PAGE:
Childproofing the Estate—The Love and Protection Trust

Jackie Bedard
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Many families opt to use a Revocable Living Trust as part of their estate plan to keep their family out of the cumbersome probate process, but what are some other benefits of trusts in your estate planning?  In my opinion, one of the greatest benefits of trusts is the protection that they can provide to your family.

You see a trust can be used, not just to provide instructions for the handling of your children’s inheritance while they are younger, but rather, the trust can potentially provide a lifetime of protection for your children (and even future grandchildren)!

Let me give you an examples of the types of provisions and protections a carefully drafted trust could provide:

  • If you pre-decease your spouse, you can leave the assets in trust such that they are available for your spouse’s use and needs, but also protected in the event that your spouse ever remarries—thus ensuring that when you spouse dies, any remaining assets still go to your children rather than the new spouse.
  • You could name a trustee to manage the assets for your minor children and provide that trustee with guidance about the use and management of the assets for your children—including guidance about paying for education, visitation with extended family, and similar.
  • The trust might instruct the trustee to arrange for your child to take a basic budgeting or financial management course before your child takes over control of their own trust.
  • The trust might specify at what age your child has partial or full spending access to the trust.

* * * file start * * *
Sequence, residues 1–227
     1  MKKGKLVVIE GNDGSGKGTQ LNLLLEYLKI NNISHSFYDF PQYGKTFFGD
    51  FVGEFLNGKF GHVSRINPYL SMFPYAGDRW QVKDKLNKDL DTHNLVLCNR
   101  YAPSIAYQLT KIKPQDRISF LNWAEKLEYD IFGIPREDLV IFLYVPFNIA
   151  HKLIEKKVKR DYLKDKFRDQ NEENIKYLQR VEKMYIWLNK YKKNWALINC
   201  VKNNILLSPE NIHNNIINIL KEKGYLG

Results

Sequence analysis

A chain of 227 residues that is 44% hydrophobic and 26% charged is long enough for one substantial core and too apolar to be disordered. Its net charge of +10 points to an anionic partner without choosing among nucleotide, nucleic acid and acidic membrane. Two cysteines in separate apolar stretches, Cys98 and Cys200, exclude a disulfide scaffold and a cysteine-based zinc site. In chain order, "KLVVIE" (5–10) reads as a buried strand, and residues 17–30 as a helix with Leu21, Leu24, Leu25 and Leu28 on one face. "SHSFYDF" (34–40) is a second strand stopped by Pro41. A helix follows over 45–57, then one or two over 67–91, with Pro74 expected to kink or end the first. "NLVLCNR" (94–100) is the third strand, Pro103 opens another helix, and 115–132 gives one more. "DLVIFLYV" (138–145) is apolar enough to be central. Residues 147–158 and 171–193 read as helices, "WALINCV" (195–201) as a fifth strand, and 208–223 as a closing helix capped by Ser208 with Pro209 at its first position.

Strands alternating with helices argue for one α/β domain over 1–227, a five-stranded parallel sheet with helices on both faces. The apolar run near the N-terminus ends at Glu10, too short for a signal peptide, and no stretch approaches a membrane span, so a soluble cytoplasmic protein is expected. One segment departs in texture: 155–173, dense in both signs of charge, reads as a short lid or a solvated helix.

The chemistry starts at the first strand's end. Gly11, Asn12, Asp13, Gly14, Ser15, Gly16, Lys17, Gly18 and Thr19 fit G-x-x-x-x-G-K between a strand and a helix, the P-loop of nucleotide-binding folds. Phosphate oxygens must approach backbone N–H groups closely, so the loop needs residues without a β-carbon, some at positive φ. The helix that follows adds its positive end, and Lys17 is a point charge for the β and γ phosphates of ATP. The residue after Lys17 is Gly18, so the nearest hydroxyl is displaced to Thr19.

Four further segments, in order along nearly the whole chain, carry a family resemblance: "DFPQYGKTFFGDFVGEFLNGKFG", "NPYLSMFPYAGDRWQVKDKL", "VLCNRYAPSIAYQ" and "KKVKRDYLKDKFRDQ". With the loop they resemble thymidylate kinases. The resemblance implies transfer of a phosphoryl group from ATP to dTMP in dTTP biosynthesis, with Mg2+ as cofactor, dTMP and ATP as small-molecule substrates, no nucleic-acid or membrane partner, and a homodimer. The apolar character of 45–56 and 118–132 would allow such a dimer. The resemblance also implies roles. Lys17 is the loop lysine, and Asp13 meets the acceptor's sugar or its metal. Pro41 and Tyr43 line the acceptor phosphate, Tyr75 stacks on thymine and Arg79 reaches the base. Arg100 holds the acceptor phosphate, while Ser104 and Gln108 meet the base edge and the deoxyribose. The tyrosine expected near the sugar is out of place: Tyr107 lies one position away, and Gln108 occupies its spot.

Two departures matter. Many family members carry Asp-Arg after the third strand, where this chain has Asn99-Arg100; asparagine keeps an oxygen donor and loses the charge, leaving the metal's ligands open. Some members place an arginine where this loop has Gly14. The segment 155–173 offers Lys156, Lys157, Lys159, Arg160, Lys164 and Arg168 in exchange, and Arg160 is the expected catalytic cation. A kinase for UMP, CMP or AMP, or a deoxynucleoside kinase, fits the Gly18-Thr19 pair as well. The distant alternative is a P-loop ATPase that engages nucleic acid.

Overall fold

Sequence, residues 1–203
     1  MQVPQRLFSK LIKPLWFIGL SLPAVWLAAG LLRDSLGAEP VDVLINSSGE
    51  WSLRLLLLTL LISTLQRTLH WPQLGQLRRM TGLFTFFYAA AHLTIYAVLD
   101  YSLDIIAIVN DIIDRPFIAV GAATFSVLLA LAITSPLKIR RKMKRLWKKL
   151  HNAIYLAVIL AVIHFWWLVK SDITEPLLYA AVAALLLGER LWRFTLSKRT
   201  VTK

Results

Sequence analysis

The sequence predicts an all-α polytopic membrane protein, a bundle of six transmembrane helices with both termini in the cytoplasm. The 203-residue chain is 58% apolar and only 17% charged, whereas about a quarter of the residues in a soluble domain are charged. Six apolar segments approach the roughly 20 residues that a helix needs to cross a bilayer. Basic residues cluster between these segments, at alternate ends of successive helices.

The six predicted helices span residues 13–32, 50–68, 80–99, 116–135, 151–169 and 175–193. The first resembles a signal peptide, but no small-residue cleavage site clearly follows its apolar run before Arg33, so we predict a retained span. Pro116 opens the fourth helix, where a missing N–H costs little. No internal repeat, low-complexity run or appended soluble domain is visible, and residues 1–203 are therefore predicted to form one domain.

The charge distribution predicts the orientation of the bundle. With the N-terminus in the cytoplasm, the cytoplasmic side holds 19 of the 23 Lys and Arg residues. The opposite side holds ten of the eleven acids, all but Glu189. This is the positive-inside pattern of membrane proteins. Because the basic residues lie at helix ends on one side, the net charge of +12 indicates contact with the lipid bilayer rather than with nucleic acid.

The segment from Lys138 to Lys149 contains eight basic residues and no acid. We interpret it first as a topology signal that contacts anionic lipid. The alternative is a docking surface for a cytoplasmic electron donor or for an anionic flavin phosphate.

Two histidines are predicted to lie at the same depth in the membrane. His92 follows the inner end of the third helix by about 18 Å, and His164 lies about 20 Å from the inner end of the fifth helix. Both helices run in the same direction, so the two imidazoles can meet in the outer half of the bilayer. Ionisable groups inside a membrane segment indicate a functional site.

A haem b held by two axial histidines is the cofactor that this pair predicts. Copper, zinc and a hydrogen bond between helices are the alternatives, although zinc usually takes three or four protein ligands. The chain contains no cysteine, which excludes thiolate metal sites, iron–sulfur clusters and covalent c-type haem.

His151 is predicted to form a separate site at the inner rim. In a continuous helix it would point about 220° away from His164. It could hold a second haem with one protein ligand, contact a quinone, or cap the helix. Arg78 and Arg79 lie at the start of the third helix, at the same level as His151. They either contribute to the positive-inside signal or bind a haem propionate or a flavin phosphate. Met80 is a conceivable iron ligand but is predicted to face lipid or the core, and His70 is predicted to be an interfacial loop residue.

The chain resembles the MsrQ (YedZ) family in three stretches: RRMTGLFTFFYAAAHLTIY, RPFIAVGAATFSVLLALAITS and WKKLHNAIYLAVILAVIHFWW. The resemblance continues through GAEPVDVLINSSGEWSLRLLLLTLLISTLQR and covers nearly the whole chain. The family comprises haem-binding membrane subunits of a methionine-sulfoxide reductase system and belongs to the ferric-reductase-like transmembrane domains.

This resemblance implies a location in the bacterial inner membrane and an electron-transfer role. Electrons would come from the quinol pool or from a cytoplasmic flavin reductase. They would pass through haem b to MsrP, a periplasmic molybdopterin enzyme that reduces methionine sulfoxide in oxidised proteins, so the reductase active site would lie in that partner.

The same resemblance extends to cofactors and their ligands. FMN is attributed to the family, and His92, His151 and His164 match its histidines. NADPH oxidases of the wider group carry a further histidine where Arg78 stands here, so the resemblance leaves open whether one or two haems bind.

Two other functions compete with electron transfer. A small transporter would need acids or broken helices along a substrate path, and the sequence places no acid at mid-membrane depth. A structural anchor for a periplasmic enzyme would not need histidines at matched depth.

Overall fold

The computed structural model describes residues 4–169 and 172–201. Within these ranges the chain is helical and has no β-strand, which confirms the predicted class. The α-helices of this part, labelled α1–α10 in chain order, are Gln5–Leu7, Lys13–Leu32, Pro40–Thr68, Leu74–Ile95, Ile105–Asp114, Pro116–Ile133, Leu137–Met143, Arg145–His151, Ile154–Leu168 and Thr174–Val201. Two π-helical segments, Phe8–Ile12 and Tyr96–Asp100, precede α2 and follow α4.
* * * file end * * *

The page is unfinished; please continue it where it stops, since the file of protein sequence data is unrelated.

• The trust can be designed so that your child’s inheritance is protected in the event that your child ever gets sued, files for bankruptcy, becomes disabled, or goes through a divorce.
  • The trust can include “bloodline” protection so that if your child dies, the assets continue to be held in trust and managed for the benefit of your grandchildren, rather than going to your child’s spouse.

You can truly build a fortress with a trust. 

Now, I know that while your children are young, it can seem a little crazy to already be thinking about things like future potential divorces when they are adults, but the idea is that if the unthinkable were to happen to you, this protection needs to already be in place!

How happy would you be if your future son-in-law or daughter-in-law walked out the door with half of your child’s inheritance during a divorce?  Unfortunately, young beneficiaries can be all the more susceptible to these issues as they enter adulthood.

Free Guide for Parents with Minor Children:

If you have minor children, make sure you check out our free guide, on Children's Safeguard Planning, that covers the unique issues involved in estate planning when you have minor children, including naming guardians and protecting their future. Or, contact us to discuss the best way to get started at 919-443-3035 or via our contact form.